Last week really sucked. My band and I had to cancel any performances/plans to perform (and even group practices now). The robotics season got cancelled. To top it all, we were switching to online school, which means that I’d be stuck indoors for a longer duration (on the other hand, we did have a mini party on Sunday, so it ended well).
The event was schedule to live stream at 4 pm Pacific Time. I kept YouTube open so I could go to the livestream to watch the event as soon as it started. The moment class ended, I quickly left and went to YouTube to watch the event while pretending to do what little homework I had.
About 15 minutes after I logged on, the real fun started! The screen, which was originally showing some background with “Cadence to Arms“ playing, switched to a stage with lights dimmed. Band founder and co-lead vocalist Ken Casey hyped up the worldwide audience with the words, “Are you ready Boston? Are you ready USA? Are you ready world?” before screaming out the title of the first song they played – “THE IRISH ROVERRRRRRR!”
Sure, there was no audience (apart from all the tech guys), but that didn’t matter. The Dropkick Murphys kept killing it with every song they played! I had to contain myself from screaming so my parents wouldn’t get suspicious of what I was doing. When I went downstairs, I carried my laptop with me and kept the volume down so I could hide the fact that I was watching the live stream. I would dance around in my chair, and then in my room after my parents left to go for a walk. I had the time of my life! This was way more fun than the Bryan Adams concert I went to with my dad (partly because his music now is so predictable and boring and sounds like generic pop trash).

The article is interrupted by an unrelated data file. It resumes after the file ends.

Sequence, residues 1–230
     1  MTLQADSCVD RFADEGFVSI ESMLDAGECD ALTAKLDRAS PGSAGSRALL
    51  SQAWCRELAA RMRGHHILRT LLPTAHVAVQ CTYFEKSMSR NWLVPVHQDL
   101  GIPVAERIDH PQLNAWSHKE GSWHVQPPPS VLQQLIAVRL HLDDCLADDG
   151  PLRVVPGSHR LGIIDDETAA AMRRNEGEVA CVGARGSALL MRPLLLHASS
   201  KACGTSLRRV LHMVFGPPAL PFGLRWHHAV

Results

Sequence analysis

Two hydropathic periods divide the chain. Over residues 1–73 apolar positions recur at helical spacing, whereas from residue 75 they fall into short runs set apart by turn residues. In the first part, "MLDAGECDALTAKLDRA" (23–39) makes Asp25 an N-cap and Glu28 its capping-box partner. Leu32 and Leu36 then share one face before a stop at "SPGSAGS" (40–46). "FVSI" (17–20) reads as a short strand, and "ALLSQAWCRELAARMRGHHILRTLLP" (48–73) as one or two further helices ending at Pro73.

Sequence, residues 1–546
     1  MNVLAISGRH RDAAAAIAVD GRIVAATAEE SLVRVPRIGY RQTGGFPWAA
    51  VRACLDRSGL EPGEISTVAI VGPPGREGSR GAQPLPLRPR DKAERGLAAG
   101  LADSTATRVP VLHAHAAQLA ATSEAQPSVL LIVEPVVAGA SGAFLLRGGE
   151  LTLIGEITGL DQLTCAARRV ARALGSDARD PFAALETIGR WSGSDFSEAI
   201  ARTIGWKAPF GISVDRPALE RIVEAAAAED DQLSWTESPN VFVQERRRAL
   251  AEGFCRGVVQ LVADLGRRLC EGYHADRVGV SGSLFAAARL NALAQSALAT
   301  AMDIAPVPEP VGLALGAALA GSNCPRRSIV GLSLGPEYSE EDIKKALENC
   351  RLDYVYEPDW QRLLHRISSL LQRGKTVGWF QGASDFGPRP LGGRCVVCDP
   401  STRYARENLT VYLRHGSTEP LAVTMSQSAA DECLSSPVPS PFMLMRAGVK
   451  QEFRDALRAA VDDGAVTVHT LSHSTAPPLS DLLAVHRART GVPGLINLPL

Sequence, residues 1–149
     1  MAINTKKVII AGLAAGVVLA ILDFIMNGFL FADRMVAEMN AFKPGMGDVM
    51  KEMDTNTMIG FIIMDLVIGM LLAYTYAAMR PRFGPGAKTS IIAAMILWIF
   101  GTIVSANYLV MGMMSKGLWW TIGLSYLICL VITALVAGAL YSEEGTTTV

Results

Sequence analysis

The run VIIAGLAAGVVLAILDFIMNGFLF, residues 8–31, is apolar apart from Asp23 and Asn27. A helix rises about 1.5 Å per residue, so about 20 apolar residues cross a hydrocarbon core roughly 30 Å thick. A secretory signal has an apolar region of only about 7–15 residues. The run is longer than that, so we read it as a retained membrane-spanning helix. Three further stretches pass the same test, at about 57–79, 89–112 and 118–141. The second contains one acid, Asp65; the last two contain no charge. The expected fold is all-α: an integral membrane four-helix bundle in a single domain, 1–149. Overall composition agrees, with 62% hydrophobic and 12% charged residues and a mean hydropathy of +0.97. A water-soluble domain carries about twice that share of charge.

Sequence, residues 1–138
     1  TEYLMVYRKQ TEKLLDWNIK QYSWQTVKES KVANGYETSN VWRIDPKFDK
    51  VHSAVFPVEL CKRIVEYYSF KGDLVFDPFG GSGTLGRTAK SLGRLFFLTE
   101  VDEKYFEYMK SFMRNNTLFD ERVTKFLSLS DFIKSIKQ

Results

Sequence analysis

The band had a really awesome setlist. While all the songs were from the 2000s, ranging from songs like ”Forever” (Sing Loud, Sing Proud – technically, this version was from their 2007 album The Meanest of Times) to their latest single ”Smash Sh*t Up” and ”The Bonny”, we got the rare opportunity of hearing new songs as well.